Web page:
Demodectic Mange Average Cost

From 54 quotes ranging from $300 - 500

Average Cost

$350

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What is Demodectic Mange?

Many animals have diverse communities of microorganisms inhabiting their skin. This includes helpful bacteria, fungi and yeast, and sometimes microscopic mites. These tiny arthropods feed on dead skin cells and sometimes skin secretions, but usually do no harm as they are kept in check by the immune system. However, Demodectic mange is a condition where the immune system has failed to suppress the populations of mites, which are allowed to colonize the hair follicles in large numbers. Their actions of feeding and defecating irritates the skin and may allow opportunistic bacteria to cause infection. This causes inflammation, scarring and hair loss. Contact a veterinarian if your dog develops hairless patches, even without noticeable itching or discomfort.

Demodectic mange is a condition caused by excessive populations of a normal skin mite, Demodex canis. This mite is part of the normal microscopic community on the skin and is not normally a threat to health. However, when the immune system of an animal becomes compromised, these mites are allowed to invade the hair follicles in much greater numbers, leading to hair loss and skin irritation. It can occur in several different forms affecting both young and old animals.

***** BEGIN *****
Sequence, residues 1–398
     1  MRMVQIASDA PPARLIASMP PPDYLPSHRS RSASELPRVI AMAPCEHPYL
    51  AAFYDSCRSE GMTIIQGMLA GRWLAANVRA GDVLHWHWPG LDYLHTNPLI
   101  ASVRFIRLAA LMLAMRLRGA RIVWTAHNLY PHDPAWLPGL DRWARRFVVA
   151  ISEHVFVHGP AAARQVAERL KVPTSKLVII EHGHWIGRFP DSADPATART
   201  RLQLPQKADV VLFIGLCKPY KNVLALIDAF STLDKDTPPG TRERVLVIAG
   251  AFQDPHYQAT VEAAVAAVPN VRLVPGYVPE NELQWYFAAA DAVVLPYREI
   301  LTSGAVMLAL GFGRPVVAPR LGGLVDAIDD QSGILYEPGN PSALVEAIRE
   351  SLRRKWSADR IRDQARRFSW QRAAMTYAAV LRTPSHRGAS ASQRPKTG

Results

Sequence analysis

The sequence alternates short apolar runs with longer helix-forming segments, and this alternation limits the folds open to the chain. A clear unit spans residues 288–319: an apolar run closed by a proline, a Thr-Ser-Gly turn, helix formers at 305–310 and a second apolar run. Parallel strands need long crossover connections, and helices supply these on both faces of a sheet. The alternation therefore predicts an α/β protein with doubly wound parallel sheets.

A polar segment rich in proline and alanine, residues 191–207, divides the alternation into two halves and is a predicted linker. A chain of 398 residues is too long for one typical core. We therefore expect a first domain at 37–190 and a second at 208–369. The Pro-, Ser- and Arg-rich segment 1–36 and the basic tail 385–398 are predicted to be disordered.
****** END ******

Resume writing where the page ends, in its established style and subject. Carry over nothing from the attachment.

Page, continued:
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Symptoms of Demodectic Mange in Dogs

  • Hairless patches
  • Excessively oily skin
  • Redness or inflammation
  • Swelling of the paws
  • Crusting of the skin.

Causes of Demodectic Mange in Dogs

  • Congenital immune system deficiency
  • Age related decline in immune system
  • Idiopathic mange
  • Drug-induced immune deficiency
Types
  • Juvenile Immunodeficiency
  • Localized Mange
  • Adult Onset Immunodeficiency

Diagnosis of Demodectic Mange in Dogs

Owners who notice their pet developing bald patches, excessive skin oiliness and irritation should see a veterinarian as soon as possible, as the condition is easier to treat if it is caught before symptoms become too severe. Demodectic mange is easily diagnosed with a microscopic examination of either a scraping of the skin, or a few plucked hairs. This will reveal the mites, eggs and larvae. Unfortunately, diagnosing the underlying condition that has allowed the mite population to expand is not so easy.